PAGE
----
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ERIC Number: ED201274
Record Type: RIE
Publication Date: 1981-Apr
Pages: 33
Abstractor: N/A
Reference Count: 0
ISBN: N/A
ISSN: N/A
The Relationship Between Student/Teacher Attitude Similarity and Ratings of Instructional Effectiveness.
Mizener, Deborah A.; Abrami, Philip C.
The relationship between student/teacher attitude similarity and teacher evaluations was studied in a group of 222 students who completed a 24-item attitude scale, once for themselves and once for their instructors, and a 28-item teacher rating form (TRF). A significant, moderate-sized correlation between assumed similarity and TRF scores for students pooled across classes was found. However, the size of the relationship dropped dramatically once the relationship was examined with all possible teacher effects removed. When controlling for teachers, students who perceived their own attitudes as similar to the instructor's assigned only slightly higher TRP scores than attitudinally dissimilar students. Analysis of component scores revealed that the set of 24 self-rating variables and the set of 24 perceived rating variables explained more TRF variance than the set of 24 individual similarity scores. Only one of the two sets of component scores contributed significantly to the prediction of TRF scores independent of all other effects. The relationship between perceived teacher attitudes and TRF scores was fairly substantial, and it is concluded that the perceived scores appear to be the best predictor of ratings. However, it is impossible to determine whether student differences in their perceptions of teacher attitudes affect their ratings of teacher effectiveness or vice versa. Theories of similarity and attraction and college classroom similarity research are reviewed, and a sample attitude scale is appended. (SW)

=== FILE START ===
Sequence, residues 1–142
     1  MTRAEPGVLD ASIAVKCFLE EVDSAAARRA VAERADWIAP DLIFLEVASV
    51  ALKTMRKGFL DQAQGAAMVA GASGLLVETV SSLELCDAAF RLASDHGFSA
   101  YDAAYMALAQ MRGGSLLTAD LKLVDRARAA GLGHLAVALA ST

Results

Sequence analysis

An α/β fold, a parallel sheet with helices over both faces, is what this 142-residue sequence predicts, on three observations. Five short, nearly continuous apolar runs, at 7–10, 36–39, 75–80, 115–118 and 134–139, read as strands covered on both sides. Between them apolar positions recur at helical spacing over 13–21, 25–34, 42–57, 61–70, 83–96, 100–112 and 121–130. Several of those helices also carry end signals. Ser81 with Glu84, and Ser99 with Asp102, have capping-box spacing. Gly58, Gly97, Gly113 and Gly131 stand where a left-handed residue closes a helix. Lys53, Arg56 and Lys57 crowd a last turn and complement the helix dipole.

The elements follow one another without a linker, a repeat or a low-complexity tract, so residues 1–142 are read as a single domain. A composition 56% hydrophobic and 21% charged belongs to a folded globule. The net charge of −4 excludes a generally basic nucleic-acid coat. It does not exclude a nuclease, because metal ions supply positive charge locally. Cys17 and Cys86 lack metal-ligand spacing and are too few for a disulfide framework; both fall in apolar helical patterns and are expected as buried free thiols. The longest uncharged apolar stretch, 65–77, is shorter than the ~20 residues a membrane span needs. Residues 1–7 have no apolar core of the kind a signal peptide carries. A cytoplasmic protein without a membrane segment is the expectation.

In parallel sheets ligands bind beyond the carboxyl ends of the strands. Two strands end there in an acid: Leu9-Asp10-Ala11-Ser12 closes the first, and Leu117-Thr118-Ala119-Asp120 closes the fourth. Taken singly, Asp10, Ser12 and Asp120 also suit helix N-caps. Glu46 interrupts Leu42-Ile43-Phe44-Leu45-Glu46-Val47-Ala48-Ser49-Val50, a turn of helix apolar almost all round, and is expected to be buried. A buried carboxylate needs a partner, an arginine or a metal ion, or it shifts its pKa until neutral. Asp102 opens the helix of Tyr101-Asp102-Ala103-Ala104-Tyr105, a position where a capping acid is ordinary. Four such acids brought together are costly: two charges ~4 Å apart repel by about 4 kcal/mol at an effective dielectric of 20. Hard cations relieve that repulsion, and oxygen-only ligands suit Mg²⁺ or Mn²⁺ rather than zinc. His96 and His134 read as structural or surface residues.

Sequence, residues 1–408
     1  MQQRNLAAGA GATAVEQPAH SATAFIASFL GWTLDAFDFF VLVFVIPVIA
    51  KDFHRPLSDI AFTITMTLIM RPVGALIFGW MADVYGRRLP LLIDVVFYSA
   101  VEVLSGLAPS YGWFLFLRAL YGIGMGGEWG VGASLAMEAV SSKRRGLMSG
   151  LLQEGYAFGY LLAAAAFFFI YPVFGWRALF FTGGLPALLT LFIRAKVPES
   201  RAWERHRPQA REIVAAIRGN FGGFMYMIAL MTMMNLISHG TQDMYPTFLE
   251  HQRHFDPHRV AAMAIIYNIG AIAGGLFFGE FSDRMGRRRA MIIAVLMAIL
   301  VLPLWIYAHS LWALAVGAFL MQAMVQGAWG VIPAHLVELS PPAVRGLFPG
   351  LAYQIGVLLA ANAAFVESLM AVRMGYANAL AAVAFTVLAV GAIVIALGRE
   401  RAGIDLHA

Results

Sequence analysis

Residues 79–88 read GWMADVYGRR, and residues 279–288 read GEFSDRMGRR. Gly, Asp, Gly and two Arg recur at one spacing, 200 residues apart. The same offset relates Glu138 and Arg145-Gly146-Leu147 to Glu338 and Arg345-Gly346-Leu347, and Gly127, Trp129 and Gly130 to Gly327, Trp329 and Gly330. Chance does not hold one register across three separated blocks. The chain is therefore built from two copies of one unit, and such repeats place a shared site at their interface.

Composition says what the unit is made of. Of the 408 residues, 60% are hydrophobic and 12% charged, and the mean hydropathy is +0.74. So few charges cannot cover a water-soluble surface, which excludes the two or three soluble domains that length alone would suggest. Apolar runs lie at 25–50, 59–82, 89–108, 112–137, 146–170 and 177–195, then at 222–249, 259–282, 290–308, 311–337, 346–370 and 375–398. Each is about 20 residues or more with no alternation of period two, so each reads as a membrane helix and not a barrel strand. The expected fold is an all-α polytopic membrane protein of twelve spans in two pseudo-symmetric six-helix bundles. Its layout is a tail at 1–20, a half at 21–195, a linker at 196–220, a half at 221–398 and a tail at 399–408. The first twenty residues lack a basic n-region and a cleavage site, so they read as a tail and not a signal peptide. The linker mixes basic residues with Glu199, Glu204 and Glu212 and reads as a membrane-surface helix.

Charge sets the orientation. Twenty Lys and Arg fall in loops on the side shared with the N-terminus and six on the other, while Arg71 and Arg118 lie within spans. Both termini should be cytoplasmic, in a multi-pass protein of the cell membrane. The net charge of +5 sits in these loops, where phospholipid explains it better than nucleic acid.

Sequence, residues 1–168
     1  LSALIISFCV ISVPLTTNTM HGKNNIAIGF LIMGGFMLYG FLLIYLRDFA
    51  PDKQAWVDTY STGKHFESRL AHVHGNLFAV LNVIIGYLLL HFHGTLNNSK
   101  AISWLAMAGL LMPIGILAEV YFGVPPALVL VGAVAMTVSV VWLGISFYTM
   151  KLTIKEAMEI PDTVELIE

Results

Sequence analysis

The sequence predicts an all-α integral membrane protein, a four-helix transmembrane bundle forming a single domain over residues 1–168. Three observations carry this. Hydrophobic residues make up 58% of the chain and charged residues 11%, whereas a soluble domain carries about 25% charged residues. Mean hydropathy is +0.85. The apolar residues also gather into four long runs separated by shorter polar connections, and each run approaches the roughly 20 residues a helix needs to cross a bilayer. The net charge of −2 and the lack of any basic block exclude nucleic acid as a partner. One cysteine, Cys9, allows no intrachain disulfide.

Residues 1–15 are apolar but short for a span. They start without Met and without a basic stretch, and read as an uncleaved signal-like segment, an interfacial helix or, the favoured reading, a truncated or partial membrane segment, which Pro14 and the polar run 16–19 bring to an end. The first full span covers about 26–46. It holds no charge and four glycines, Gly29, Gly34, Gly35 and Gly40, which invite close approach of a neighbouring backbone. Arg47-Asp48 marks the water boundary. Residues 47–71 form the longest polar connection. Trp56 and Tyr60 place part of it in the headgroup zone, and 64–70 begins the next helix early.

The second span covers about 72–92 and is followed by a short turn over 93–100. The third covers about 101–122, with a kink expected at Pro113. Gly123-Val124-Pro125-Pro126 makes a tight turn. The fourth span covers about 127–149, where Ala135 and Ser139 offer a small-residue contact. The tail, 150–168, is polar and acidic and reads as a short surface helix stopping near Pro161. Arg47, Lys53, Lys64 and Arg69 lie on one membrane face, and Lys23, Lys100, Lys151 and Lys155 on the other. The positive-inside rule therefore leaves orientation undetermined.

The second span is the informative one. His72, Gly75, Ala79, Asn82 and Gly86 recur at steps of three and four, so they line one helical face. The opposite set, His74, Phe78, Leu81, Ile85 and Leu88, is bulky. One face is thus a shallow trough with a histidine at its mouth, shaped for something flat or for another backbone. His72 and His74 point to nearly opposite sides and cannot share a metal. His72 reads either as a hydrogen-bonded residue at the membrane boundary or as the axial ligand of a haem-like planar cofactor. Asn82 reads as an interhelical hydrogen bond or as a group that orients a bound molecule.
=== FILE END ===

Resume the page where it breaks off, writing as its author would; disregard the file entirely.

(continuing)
Publication Type: Speeches/Meeting Papers; Reports - Research; Tests/Questionnaires
Education Level: N/A
Audience: N/A
Language: English
Sponsor: N/A
Authoring Institution: N/A
Identifiers: N/A
Note: Paper presented at the Annual Meeting of the American Educational Research Association (Los Angeles, CA, April 13-17, 1981).